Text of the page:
Skip to content

Tunnel vision: training our sights on the past (5 photos)

Workers building the railway on the north shore of Lake Superior consumed 12 tonnes of food a day and four tonnes of tobacco each month

We don’t have the opportunity to go through tunnels much. A tunnel is an underground passageway it takes you somewhere; tunnels are important then.

There are few railway tunnels in eastern Canada. We most often think of the colossal tunnelling effort through the western mountains by the Canadian Pacific Railway (CPR) syndicate of the late 1800’s. .

We know the well-known black and white photograph featured in the introduction of Pierre Berton’s ‘The Last Spike;’ with all those men with the long beards and moustaches and tall hats. It is the ceremonial driving of the CPR’s last spike into the rail bed in the Craigellachie Mountains within British Columbia’s interior. Some of the major figures of Canadian history are there, Donald Smith, William Van Horne and Sir Sandford Fleming; Canadian legends that became college and street names. Who knew there are tunnels in eastern Canada on Lake Superior?

But there is another, less well-known tunnel, the Jackfish Bay tunnel, east of Terrace Bay. Also at that location, you have the opportunity to visit the commemorative cairn of the 'last spike'. Two last spikes? It requires a little nation-building heritage appreciation.

On Feb. 15, 1881, the Canadian Pacific Railway Act received Royal Assent.

Before this time there was no way to sell a Canadian immigrant a ticket to sit down and ride the rails arriving in British Columbia. The best bet was to use a combination of rail, water transport and horse-drawn carts. The journey would eventually become cold and damp. Maybe steamboat, canoes and trails got you to the prairies, then horseback across the mid-west. Once arriving in the mountains the immigrant became stuck. Rivers, via canoe, was the best way to complete the trek to the west coast.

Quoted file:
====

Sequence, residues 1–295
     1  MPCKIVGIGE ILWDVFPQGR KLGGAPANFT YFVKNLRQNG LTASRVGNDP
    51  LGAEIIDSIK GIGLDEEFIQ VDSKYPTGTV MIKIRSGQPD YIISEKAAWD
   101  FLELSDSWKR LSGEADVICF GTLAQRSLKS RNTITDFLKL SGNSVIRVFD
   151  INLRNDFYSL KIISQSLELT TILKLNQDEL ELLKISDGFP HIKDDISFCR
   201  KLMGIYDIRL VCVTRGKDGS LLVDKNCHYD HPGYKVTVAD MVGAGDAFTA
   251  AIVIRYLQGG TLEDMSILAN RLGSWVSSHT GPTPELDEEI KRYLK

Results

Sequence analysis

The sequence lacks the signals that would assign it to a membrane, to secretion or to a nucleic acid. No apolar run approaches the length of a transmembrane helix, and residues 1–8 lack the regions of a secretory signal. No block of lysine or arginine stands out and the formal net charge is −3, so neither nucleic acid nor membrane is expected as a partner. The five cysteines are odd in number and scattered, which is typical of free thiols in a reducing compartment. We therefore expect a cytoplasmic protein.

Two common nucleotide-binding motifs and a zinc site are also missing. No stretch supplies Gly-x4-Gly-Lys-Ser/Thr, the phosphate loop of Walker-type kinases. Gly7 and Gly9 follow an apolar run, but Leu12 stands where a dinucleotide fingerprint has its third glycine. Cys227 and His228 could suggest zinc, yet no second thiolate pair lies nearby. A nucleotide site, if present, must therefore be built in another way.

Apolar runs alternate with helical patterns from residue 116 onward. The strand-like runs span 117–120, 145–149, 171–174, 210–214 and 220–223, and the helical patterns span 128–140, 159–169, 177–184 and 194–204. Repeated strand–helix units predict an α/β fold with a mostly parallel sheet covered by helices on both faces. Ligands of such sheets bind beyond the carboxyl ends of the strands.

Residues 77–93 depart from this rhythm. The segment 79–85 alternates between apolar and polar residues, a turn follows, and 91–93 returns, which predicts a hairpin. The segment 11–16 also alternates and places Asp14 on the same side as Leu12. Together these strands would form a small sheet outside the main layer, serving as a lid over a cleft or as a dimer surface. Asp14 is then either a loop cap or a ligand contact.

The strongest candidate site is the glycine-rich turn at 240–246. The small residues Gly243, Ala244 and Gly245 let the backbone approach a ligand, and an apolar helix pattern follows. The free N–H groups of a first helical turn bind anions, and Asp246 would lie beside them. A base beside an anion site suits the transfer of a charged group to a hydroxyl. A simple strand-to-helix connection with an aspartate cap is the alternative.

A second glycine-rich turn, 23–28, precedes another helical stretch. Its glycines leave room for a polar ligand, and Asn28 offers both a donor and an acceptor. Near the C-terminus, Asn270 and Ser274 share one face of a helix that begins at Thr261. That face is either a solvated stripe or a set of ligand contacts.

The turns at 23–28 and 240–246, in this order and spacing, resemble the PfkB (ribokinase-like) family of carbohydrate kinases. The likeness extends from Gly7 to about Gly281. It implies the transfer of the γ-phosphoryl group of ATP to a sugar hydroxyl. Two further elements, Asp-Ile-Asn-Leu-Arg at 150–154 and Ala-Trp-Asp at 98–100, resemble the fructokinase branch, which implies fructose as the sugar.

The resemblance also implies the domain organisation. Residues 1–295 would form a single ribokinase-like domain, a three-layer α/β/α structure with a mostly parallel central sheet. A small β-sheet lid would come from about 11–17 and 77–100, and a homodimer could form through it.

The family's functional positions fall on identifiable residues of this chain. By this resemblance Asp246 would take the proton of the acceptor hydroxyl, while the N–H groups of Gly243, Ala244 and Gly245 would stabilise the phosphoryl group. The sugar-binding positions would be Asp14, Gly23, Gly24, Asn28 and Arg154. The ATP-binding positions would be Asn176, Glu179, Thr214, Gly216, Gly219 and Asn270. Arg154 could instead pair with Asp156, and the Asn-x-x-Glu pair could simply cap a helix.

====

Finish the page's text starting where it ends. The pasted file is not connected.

But there was a change in the making, by Sir John A. Macdonald, our first Prime Minister and the CPR railway syndicate. The principal terms were provided by a payment to the syndicate through a subsidy of $25,000,000 and 25,000,000 acres of land, plus sections of railway lines already under construction.

Today, railway property, often located within municipal waterfronts is both valuable and contentious.

Within 15 years of the passage of the bill, a pioneer was able to travel from Montreal to Vancouver in less than six days sitting in a warm, dry seat. Today you can travel from Vancouver to Halifax by passenger train in segments. Rail enthusiasts can purchase a 22-day train vacation trip package starting at $11,300.

Building the CPR was more about achieving nationhood for Canada in the 1880s - coast to coast - than it was about building a railway as an elegant and showy operation. A lot of money and a lot of rock were eaten to build an all-Canadian route, rather than building through easier terrain in the United States as original CPR railway syndicate members would have preferred.

The Lake Superior section became costly, problematic, and construction was generally "slow” to complete. The cost of dynamiting and moving rock was appalling. There are three tunnels you may visit in this area and they reflect the most challenging barrier of the day.

At the Jackfish tunnel, you can appreciate how much of the line was chiselled into the rocky shore - using the technology of the1880’s. Lake Superior is always close at hand.

Imagine what the terrain here was like before the railway came and how much rock had to be moved by horse and manual labour in the course of drilling and blasting the tunnel. Then the rock and fill had to be moved in to provide a roadbed suitable for laying track.